CUMBERLAND – A laser-like focus to improve the classroom experience for both teacher and student is paying off big time at Cumberland High School.
A 30-point improvement on the writing section of the NECAP is perhaps the most telling data point, according to school officials.
In just two years time, the number of students scoring proficient on the writing section of the NECAP has increased from 40% to 70%. The number of students scoring proficient in reading has increased from 82% in 2011-12 to 88% and during that same two-year period, the number of students scoring proficient in math has increased 15 percentage points.
“Being able to comprehend what you’ve read and learned, and then articulate your thoughts in a way that others can understand, is perhaps the best barometer we have in measuring how well we as a learning community are doing,” said Cumberland High School Principal Alan Tenreiro. “Certainly, NECAP testing is only one measurement – and it has its flaws - but it is an indicator that our efforts are successful.”
NECAP, the New England Common Assessment Program is a series of reading, writing, mathematics, and science achievement tests, administered annually, which were developed in response to the Federal No Child Left Behind Act. It is a collaborative project of the New Hampshire, Rhode Island and Vermont departments of education, with assistance from the National Center for the Improvement of Educational Assessments. The NECAP tests measure students’ academic knowledge and skills relative to grade expectations. The tests were created by teams of teachers representing the three states.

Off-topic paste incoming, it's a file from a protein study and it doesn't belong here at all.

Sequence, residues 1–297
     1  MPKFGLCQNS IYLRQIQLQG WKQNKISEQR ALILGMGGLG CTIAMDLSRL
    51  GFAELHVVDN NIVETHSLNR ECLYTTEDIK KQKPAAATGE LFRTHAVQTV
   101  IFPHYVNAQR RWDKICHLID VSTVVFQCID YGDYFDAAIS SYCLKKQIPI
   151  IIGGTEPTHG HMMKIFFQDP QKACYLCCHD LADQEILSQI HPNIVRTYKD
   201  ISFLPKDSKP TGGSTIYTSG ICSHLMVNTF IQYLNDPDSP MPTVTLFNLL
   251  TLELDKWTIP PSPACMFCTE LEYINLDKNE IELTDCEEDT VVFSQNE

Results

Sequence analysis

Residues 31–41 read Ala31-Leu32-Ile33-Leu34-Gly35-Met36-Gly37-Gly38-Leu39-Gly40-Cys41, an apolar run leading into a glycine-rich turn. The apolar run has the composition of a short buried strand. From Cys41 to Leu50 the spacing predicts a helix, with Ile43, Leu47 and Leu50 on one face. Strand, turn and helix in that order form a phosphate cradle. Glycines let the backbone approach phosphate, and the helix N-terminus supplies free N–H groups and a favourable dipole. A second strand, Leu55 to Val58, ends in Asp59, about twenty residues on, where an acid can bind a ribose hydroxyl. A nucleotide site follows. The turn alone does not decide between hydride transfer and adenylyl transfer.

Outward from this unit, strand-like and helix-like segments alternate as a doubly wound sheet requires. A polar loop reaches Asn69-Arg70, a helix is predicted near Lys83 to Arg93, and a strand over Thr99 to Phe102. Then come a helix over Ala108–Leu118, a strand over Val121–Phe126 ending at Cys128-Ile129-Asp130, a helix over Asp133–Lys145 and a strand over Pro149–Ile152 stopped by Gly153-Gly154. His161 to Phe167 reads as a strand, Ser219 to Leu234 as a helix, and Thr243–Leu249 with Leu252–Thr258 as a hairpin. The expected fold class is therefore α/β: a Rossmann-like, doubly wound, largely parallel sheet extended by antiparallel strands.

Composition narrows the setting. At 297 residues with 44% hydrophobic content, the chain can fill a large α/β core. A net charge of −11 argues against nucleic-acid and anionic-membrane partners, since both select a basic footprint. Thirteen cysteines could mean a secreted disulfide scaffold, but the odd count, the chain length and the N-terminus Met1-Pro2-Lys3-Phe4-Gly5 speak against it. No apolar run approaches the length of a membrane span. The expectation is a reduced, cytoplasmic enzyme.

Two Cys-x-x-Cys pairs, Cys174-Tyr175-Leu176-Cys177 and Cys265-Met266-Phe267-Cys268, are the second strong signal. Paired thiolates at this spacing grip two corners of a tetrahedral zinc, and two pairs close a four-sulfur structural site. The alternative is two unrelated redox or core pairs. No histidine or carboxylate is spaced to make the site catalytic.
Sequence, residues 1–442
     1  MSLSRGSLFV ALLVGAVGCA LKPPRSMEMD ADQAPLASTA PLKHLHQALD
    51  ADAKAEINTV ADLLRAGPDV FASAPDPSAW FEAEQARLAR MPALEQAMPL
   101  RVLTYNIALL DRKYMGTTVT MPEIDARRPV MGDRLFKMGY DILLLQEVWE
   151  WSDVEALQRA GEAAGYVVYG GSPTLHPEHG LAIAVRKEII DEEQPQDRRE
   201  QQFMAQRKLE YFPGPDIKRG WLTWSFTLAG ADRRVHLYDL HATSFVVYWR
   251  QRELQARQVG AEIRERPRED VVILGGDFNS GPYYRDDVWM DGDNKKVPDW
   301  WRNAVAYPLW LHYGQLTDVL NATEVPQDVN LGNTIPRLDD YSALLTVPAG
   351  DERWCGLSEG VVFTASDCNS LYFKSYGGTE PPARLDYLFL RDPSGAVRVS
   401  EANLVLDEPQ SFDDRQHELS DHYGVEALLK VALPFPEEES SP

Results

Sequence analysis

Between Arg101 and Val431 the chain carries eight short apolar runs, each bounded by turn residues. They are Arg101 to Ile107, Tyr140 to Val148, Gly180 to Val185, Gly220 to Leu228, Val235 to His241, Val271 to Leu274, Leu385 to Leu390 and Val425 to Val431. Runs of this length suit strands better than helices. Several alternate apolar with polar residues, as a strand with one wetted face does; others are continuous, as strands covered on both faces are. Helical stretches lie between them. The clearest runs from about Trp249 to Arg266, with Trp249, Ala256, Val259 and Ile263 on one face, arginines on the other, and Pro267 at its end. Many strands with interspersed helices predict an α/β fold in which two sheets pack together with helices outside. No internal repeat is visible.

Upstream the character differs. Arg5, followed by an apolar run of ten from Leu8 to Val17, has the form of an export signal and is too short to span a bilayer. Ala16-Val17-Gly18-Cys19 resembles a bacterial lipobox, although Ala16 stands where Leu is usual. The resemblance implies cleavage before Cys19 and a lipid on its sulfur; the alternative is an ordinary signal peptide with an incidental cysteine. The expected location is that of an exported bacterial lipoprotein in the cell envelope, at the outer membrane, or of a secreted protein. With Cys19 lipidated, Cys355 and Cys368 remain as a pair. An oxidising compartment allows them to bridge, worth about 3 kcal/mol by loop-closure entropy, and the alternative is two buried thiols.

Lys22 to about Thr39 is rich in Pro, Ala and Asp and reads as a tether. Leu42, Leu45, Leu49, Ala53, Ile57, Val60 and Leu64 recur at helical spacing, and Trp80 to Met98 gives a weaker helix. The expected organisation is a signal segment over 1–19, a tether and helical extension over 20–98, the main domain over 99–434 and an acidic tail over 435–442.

Mr. Tenreiro cited higher expectations for all – student, teacher, and staff – better professional development and coaching for teachers, and a more rigorous educational experience for students as ingredients in the recipe for success.
Meanwhile, graduation rates have also improved during that same time period, with 85 percent of students now graduating on time, compared with 81 percent last year.
“This is another example of the great work occurring in our high school,” Superintendent Phil Thornton said. “We still have a lot of work to do, but its becoming more clear every day that Cumberland High School, thanks to the efforts of the teachers, support staff, students, and parents, is well on its way to becoming one of the best public high schools in the state.”
A more comprehensive report on NECAP results will be provided at the February 13th meeting of the school committee. The meeting will be held in the Cumberland High School Transitional Building Cafetorium at 7:30 p.m.